His son is also making his mark in the entertainment business. Charles Vundla’s much anticipated film, How to Steal 2 Million, a story of gambling debt that goes terribly wrong,will screen nationwide later this year. It will be Charles’s first major movie and dad is very proud.
Vundla is already working on his next project. He has the rights to make a movie about Zimbabwean-born jazz singer Dorothy Masuka. Her music peppered the South African music scene throughout the 1950s. He spends day after day in his office anchoring himself in this time period and doing the research necessary for a project of this magnitude. Fati Moalusi, The New Age photographer, asks if the movie will be in colour or black and white. It’s the first question he’s hesitated on in an hour. “Good question,” he says, “I’m not sure.”
So what does he think will make our nation a great one? He refers to George Eliot’s novel, Middlemarch, in which the people who made England are said to be the ones lying in unmarked graves. In South Africa there are nameless and faceless people we don’t know, who get up every morning and go to work. These people make our country great. These people will mostly die unnoticed barring their family and friends – but it’s their hard work this country so desperately needs, he says.
Born: 10 September 1946
Education: Matriculated from Morris Isaacson High School in Soweto. Enrolled at Fort Hare University for a BA in politics, philosophy and English but expelled in 1968. Received a BA in politics and English at the University of Massachusetts and a masters degree in education from Boston U.
Political life: Although Vundla went into exile in the US in August 1970, he remained an active member of the ANC. While abroad he helped found the African Arts Fund, which raised money to take black, coloured, and Indian South Africans to the US to study fine arts. The fund was responsible for educating several well-known South African artists, dancers and musicians.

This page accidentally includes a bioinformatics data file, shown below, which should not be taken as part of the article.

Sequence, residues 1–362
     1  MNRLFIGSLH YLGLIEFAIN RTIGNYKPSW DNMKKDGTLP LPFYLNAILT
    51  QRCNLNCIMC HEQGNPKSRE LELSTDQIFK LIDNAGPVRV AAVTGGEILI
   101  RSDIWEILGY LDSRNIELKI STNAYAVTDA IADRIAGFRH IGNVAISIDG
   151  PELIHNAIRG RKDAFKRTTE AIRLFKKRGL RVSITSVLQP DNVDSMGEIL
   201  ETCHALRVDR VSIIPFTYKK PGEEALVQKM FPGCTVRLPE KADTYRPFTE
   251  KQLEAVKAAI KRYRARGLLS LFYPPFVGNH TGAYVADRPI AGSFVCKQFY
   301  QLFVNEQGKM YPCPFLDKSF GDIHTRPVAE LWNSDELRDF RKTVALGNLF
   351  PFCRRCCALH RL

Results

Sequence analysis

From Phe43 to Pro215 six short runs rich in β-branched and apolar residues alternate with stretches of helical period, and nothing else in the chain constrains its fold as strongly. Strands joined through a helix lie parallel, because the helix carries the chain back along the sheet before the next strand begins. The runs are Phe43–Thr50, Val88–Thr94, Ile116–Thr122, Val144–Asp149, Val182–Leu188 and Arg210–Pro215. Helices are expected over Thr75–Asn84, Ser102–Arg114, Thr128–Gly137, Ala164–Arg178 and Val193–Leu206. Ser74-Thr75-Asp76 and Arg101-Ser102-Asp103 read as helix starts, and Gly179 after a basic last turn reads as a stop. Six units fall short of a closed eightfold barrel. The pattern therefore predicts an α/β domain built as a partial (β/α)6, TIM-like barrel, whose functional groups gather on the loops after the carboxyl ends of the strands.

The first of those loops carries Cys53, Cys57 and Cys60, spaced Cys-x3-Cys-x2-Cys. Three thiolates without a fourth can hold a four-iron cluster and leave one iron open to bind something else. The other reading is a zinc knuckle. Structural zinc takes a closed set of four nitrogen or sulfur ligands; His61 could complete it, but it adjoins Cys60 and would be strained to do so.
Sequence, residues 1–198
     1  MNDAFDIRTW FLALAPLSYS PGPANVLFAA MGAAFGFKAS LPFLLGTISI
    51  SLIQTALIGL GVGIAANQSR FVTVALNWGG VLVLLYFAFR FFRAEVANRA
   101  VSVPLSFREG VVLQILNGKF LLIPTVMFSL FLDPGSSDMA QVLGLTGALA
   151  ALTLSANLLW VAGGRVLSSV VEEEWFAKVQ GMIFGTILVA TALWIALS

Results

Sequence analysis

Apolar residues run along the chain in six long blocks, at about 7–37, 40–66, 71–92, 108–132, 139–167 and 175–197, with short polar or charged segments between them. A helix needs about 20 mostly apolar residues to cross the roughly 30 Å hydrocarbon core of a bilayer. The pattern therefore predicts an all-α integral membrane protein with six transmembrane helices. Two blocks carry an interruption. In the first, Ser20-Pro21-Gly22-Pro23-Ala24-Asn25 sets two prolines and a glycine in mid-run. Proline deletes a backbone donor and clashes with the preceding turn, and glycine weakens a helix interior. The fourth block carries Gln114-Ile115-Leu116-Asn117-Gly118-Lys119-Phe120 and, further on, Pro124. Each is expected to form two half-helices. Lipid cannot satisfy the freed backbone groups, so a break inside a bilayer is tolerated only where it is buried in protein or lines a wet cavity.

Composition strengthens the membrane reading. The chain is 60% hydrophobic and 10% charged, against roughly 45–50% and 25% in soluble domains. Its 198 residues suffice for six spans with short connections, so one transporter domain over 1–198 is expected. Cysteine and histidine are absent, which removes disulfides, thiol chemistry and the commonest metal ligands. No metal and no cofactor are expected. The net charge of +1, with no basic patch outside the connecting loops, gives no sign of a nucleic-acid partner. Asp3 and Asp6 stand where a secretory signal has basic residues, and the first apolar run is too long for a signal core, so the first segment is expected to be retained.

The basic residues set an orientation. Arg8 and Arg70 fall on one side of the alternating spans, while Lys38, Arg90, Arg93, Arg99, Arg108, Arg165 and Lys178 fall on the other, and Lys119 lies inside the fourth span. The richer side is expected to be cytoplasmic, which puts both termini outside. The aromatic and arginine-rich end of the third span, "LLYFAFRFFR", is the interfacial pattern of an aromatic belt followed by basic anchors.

As an active member of the ANC, Mfundi raised awareness about apartheid in California, fighting for its abolition. After the dismantling of apartheid, Mfundi settled in South Africa in 1992, joined by his wife and son in 1993.
Past Productions: In that same year, Mfundi created Generations, which he took to the SABC. To date, the soapie remains influential as the first local show to focus on the needs, dreams and aspirations of black people.
In 2000, Vundla obtained a contract from e.tv for a new youth soap opera; and so Backstage was born. He broke new ground, using it to develop and showcase South African talent. He was also the executive producer of the movie In My Country, which stars Samuel L Jackson and Juliette Binoche.
He also co-created Jozi-H with Karen Briner, a one-hour hospital drama series set in the Johannesburg General Hospital. As a Canadian -South African co-production, it aired in Canada on CBC Television in 2006 and in South Africa on SABC3 in 2007.
The 3D animated series Magic Cellar, based on African folk tales, features a multi-cultural cast. The series is a co-production between Vundla and director Firdaus Kharas with original music written by acclaimed South African composer Musa Manzini.
Original article here.